A new survey (published in the 'Science' journal) has predicted that by the year 2048, or thereabout, the world's supply of wild seafood species (or commercial fishing species) might just run out thanks to over-fishing and environmental degradation.
52 % of global fish stocks are fully exploited, while overexploited and depleted species have increased from about 10% in the mid 1970s to 24% in 2002, according to a study titled 'Ecosystems and Biodiversity in Deep Waters and High Seas', which was issued jointly by the UN Environment Programme (UNEP) and the World Conservation Union (IUCN). Apart from the basic ecosystem worries, another ecosystem - the economic system that is sustained by fishermen's incomes - might be dealt a death blow.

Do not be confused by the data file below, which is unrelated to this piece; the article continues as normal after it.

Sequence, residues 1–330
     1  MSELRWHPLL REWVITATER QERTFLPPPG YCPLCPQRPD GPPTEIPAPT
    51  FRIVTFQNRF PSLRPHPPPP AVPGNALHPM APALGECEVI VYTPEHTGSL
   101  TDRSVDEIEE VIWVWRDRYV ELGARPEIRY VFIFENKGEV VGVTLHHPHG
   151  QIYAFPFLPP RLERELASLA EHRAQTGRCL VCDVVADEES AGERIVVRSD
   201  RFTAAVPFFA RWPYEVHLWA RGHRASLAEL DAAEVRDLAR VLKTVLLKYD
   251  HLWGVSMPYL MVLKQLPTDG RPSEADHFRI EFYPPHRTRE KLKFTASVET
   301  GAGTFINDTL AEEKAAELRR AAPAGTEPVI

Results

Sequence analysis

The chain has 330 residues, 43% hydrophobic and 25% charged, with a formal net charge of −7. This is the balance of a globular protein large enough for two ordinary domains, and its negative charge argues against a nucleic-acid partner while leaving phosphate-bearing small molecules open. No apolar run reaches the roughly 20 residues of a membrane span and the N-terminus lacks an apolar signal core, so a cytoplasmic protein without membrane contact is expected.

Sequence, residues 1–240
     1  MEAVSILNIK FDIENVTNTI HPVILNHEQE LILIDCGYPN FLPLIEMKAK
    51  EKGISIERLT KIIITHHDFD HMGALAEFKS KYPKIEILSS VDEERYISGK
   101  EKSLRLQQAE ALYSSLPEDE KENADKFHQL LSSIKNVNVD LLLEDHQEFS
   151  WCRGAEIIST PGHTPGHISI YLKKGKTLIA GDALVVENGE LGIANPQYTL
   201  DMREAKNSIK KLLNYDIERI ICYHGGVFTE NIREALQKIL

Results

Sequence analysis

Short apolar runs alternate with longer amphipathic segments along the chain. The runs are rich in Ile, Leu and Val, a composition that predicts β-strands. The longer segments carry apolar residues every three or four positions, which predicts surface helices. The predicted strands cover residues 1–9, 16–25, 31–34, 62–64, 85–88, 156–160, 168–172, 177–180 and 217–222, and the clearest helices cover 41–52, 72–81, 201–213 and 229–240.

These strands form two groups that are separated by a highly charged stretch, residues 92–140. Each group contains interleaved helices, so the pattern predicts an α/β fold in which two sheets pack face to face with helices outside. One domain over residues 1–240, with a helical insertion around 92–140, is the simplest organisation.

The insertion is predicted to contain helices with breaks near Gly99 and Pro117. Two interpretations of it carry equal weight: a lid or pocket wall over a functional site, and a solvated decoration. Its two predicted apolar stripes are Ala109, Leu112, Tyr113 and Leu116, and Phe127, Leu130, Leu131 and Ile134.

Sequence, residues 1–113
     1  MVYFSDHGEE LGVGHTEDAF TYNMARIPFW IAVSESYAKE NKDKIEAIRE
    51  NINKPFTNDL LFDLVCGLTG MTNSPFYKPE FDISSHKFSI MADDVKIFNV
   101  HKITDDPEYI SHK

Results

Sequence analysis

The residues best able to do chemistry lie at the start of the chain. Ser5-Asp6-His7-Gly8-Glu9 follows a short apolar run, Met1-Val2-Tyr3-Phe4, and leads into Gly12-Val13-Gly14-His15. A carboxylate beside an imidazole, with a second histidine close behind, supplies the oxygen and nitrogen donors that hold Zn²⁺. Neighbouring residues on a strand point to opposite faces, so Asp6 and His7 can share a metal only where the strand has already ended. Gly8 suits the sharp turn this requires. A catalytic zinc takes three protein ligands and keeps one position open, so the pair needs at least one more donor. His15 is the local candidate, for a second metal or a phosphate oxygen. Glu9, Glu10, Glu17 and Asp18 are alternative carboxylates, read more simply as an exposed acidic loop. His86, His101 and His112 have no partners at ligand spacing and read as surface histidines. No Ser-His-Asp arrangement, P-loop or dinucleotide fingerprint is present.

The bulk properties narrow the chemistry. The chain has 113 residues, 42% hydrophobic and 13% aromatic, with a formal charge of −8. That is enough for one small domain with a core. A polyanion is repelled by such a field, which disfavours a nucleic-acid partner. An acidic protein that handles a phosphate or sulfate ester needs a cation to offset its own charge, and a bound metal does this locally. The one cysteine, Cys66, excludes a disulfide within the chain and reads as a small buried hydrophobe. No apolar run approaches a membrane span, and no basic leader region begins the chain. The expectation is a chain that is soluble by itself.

Global fishing yields, on an average, have dipped by about 13% since 1994. And considering that 200 million people in the world depend on fishing, which happens to be an $80 billion industry, that looks like a strong punch for the world economy to take. The problem is exacerbated by the fact that only about 1% of the total area of the world's oceans is protected against over fishing. A recent UN general assembly resolution called for sustainable fisheries and States to act in a precautionary manner and apply an "ecosystem approach" to the conservation, management and exploitation of fish stocks.
Illegal, unreported and unregulated fishing constitutes a serious threat to fish stocks and marine habitats and ecosystems, to the detriment of the food security and the economies of many countries, particularly poorer ones. The situation calls for empowerment of especially the poorer states to crackdown on illegal and unregulated fishing to avert environmental and economic disaster.